[FFmpeg-user] "documented implicitly" [was: Re: Why is format=rgb24 required after maskedmerge?]
markfilipak.windows+ffmpeg at gmail.com
Thu Aug 20 22:44:48 EEST 2020
On 08/20/2020 12:03 PM, Alexander Strasser wrote:
> On 2020-08-19 22:14 -0400, Mark Filipak wrote:
>> On 08/19/2020 01:43 PM, Jim DeLaHunt wrote:
>>> On 2020-08-19 07:34, Paul B Mahol wrote:
>>>> You are deeply confused about our filters.
>>>> Any filter can change pixel formats to one that they accepts thus gbrp
>>>> is picked instead of packed rgb, this is already documented
>>> Wow, "documented implicitly". This is such a classic FFmpeg project
>>> statement. The role of documentation is to explain, explicitly, at a
>>> suitable level of detail. What does "documented implicitly" even mean?
>>> I think this thread points out is that FFmpeg documentation is
>>> inadequate. It is hard to prove a negative, but I suspect that the term
>>> "pixel format" is not actually defined in the FFmpeg documentation. I
>>> suspect that the statement, "Any filter can change pixel formats" is not
>>> stated either. Certainly the maskedmerge filter documentation doesn't
>>> mention pixel formats at all, much less say what pixel formats the
>>> filter sets for its output.
>>> I have attempted to improve the documentation, to make it explain
>>> explicitly instead of fail to document. I encountered a great deal of
>>> resistance to those patches, because they make the documentation more
>>> explicit, because they have more words, and because documentation has so
>>> little value in this project relative to executable code.
>>> And yet "You are deeply confused about our filters". In other words, the
>>> documentation has failed to explain to you what FFmpeg does, the project
>>> has failed to write or welcome improved documentation, you do not
>>> understand how FFmpeg works — and somehow this is your fault.
>>>  http://ffmpeg.org/ffmpeg-all.html#maskedmerge
> There are some good points mentioned above.
>> I have a theory, Jim. I think the developers don't document things (or
>> comment their code) for 2 reasons: 1, They want to be able to change methods
>> and behaviors without having to maintain documentation, and 2, They want to
>> make money doing consulting jobs for people who commit ffmpeg for their
>> projects, then give up trying to write ffmpeg command lines.
> This conclusion however is way to unbalanced.
> I will bring up a point that has become clear to me.
> Good documentation in general and especially for software is
> incredibly hard to write and get right!
No, it's not. Or rather, it shouldn't be.
> In general you have to be a good writer and have sufficient
> insight into the tech you are documenting. And this means for
> FFmpeg you need to understand C enough, so you can roughly
> read the code and are able to ask the right questions.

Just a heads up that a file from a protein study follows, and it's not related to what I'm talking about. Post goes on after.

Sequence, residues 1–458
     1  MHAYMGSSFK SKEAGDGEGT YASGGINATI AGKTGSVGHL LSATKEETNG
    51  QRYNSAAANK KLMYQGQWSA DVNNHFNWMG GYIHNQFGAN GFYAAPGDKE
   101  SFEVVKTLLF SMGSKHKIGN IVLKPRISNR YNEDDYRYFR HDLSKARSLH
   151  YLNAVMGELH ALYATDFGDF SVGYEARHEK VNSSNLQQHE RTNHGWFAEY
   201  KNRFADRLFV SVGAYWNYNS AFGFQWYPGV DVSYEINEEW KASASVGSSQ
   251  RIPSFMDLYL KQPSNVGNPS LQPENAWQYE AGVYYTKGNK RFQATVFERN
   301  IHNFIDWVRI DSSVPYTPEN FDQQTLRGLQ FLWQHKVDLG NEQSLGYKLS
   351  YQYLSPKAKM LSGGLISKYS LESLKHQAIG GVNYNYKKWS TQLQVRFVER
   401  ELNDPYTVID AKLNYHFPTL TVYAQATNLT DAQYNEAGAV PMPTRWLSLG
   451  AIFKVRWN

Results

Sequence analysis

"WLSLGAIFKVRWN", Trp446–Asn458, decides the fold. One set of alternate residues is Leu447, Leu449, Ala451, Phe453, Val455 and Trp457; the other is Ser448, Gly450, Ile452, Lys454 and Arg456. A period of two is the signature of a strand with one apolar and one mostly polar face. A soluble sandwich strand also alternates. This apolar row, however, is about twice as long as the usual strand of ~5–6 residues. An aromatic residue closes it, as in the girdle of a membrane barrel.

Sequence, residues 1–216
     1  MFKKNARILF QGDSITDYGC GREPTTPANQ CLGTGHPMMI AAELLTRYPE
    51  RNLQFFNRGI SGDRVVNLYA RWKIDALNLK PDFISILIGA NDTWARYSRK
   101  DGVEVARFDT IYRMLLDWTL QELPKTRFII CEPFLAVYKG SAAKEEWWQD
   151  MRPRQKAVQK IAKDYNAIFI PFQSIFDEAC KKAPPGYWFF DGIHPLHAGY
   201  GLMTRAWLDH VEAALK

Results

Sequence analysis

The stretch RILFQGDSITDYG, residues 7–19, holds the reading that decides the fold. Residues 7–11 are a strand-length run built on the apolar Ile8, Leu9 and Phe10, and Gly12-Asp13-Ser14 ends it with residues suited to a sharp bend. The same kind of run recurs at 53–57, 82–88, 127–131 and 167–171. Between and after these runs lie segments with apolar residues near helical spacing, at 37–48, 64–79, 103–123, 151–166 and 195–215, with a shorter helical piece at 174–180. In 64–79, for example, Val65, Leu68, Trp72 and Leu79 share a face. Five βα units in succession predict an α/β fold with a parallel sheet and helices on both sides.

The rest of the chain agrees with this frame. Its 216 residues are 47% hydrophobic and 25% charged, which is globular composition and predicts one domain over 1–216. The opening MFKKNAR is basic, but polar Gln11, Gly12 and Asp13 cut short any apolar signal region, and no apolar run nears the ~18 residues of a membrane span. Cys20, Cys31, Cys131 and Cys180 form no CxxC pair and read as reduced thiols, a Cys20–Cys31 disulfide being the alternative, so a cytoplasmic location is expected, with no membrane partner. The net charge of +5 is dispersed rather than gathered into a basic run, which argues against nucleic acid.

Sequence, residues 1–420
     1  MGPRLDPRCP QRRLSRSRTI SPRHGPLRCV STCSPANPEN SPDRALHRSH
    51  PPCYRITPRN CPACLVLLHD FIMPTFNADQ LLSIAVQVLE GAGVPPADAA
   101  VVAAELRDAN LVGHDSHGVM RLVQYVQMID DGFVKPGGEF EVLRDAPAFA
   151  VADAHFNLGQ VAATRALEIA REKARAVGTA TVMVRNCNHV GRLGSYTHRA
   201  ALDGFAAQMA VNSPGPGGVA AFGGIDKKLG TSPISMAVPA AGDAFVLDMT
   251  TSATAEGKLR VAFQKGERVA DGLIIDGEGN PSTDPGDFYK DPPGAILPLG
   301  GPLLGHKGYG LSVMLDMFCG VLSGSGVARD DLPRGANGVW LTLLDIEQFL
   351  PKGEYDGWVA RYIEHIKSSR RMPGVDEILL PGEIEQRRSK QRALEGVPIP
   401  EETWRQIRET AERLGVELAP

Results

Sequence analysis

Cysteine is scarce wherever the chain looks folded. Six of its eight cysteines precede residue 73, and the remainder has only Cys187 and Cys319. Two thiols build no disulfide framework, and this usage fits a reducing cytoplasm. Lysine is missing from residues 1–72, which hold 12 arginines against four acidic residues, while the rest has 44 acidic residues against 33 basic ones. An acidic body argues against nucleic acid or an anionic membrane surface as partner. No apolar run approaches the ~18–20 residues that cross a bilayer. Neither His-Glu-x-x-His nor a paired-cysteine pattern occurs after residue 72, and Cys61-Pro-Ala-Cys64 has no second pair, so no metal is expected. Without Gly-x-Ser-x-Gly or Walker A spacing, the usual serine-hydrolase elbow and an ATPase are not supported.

Coders should not write documentation. Coders should write comments in their code. Documentarians
should write the documentation.
Software engineering teachers drum into their students the importance of top-down design for a
reason. Anything else is just code hacking: The coder punches into a problem at the point where
he/she knows the most or has the kernel of an idea, and then builds the code out from there. That's
not good practice, but it's what's done all too often. Code hackers don't write documentation
because they don't know where they're headed.
Top-down design begins with documentation: A description of the intended structures and processing.
For the coders who worked for me, I wrote the initial documentation which they followed as they
implemented the code.
For example, the comments in a routine that parses macroblocks shouldn't teach people about the care
and feeding of macroblocks. It should simply make plain-language statements about what it does, what
it looks for, what 'states' it enters/leaves, and why.
Coders don't need to be good writers. They just need to comment their code to detail the logic in
plain language. Documentarians do need to be good writers, but they don't need to be coders (or, at
least, they don't need to be coders in the target language -- though that does help). Most of all,
they do need to be logicians. And they need to have access to the coders and they need to take the
lead in design reviews. That assumes that there are design reviews, but that's often not the case in
informal organizations like ffmpeg.
> You need to have enough multimedia knowledge and experience
> so you can try things yourself and write things in sufficiently
> understood language.
The documentarian must have thorough knowledge of the subject. That is true. There's no alternative.
For video, the documentarian must be a video expert.
> You need to cope with (gradual and sometimes sweeping) change and
> especially for projects like FFmpeg that means big restructurings
> in the documentation every so often.
Complete rewrites are very rare. Even if a project is a complete rewrite, the steps are the same.
There should be no mysteries.
Coders should not write documentation.
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